If this sounds strange maybe it is because we have been more shaped by our consumerist and individualist culture that we would like to admit. This isn’t the place for detailed discussion of the development of Christian marriage since Bible times save to make a few brief points. For centuries marriage was a communal and political ‘institution’ that provided the context for sex, the raising of children, giving them legal status, and the ordering of property rights. Interpersonal love had no significant place in Christian marriage from the New Testament, up through the Middle Ages to the Reformation. For much of this time marriage was seen as a lower spiritual option than the religious life of celibacy. After all, both Jesus and Paul (a widower?) were single men and Paul, while seeing both marriage and singleness as good valid options, preferred the latter (1 Cor. 7). More negatively, Augustine’s theology of sex as the means by which original sin is transmitted and the only legitimate sex within marriage being for the purpose of procreation would cast a long shadow over Christian attitudes to sex. It was at the Reformation that marriage received a new theological assessment. While rejecting the Roman Catholic view of marriage as a sacrament, Luther considered marriage a God-given and most natural form of life, to be lived in faith by the grace of God. Sexuality is a good gift of God, to such a degree that Luther could not imagine a woman or man living without sex unless they had been given the rare gift of chastity. He also spoke against forced marriages and the need for the couple to have desire for each other. This was a new appreciation of women as marital partners. He, with other Reformers, saw marriage as a high calling, a vocation for a couple to bring up their children well. Marriage in this sense is far more than mere legitimation of sexual desire or a private partnership for mutual fulfilment.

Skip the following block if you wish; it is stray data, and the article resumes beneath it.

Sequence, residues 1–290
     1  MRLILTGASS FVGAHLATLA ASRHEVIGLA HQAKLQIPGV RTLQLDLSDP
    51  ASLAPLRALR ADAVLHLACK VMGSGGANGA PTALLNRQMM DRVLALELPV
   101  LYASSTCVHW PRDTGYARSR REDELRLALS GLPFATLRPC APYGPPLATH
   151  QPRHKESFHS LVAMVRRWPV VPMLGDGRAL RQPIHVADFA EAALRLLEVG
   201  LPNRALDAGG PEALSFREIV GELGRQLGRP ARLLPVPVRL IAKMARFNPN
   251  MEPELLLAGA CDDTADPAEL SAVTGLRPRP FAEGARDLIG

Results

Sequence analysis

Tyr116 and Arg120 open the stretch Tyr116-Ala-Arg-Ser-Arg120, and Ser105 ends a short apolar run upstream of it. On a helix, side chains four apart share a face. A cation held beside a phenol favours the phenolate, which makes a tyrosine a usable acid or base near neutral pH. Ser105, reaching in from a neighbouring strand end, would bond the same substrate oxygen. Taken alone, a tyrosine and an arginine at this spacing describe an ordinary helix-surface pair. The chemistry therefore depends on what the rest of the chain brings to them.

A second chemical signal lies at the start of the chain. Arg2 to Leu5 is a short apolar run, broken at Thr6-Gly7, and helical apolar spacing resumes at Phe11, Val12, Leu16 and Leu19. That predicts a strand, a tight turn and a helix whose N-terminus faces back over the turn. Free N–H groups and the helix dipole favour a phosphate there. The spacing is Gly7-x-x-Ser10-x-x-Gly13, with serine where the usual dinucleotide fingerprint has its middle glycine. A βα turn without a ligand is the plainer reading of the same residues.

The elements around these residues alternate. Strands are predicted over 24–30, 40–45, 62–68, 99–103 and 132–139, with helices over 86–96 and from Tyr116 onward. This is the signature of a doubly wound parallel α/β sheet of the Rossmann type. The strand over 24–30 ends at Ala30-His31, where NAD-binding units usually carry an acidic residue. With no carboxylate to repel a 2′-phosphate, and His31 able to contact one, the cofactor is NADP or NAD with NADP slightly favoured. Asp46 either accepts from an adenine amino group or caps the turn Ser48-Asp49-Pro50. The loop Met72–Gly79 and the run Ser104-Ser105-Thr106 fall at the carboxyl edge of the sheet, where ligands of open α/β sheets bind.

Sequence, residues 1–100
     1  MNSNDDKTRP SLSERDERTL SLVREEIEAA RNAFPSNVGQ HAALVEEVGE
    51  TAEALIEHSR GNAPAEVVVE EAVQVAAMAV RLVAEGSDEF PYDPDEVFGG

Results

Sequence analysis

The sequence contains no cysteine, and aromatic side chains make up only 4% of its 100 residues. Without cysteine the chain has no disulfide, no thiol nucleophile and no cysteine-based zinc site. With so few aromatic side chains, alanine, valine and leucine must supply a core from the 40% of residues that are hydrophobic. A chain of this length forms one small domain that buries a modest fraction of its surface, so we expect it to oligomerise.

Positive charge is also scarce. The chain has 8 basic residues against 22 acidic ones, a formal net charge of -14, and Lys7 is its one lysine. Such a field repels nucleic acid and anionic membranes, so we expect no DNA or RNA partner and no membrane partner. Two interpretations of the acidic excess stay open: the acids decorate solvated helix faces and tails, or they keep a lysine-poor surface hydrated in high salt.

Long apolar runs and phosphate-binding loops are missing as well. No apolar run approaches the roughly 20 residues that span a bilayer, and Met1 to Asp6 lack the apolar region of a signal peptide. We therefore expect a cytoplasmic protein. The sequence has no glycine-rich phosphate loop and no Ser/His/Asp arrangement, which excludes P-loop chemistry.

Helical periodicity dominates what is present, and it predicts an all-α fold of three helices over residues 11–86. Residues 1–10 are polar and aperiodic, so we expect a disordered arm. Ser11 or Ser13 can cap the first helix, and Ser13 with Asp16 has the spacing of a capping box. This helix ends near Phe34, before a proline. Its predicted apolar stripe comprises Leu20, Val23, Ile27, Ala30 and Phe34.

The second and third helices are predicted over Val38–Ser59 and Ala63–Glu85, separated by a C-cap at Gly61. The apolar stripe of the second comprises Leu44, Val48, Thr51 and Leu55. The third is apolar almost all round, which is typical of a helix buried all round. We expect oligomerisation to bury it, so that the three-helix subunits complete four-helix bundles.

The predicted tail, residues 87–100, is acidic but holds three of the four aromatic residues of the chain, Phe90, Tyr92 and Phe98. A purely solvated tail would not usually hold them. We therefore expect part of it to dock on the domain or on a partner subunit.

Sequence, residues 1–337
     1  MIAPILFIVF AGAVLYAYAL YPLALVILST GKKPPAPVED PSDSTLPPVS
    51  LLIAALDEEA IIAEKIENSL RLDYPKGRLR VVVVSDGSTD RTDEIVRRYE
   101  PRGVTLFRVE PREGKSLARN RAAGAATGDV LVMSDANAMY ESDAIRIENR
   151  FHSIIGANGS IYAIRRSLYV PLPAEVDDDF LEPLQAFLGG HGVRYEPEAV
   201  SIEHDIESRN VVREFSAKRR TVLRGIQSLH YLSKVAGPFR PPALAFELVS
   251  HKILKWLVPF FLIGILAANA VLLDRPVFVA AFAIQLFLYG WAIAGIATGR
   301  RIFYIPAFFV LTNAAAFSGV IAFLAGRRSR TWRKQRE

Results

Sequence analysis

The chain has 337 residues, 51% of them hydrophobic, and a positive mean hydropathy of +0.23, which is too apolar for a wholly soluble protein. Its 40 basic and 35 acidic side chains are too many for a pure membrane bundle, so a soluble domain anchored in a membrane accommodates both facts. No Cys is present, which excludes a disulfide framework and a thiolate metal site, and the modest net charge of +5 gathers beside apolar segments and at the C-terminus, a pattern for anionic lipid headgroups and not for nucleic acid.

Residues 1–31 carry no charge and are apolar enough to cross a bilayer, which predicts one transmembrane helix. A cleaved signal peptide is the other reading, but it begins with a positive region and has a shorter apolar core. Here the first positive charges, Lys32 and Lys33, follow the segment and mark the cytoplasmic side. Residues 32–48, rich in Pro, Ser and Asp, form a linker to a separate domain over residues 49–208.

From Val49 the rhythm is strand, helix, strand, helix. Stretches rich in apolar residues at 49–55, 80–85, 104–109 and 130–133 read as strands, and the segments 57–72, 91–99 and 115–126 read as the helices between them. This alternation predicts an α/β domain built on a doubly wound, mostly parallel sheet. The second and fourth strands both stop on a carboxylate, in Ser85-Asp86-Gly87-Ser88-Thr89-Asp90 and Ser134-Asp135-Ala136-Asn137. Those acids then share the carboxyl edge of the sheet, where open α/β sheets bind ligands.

Hopefully, this quick review helps explain Hauerwas’s comment. The emergence of love as the overriding motivation for marriage is a recent development, yet ‘mere’ romantic love or hopes of conjugal bliss will not sustain a marriage through difficult times. An authentically Christian view of marriage needs to be robust.

It’s time to make some concluding points (and I’ve run out of space to comment on chapters 3 and 4!):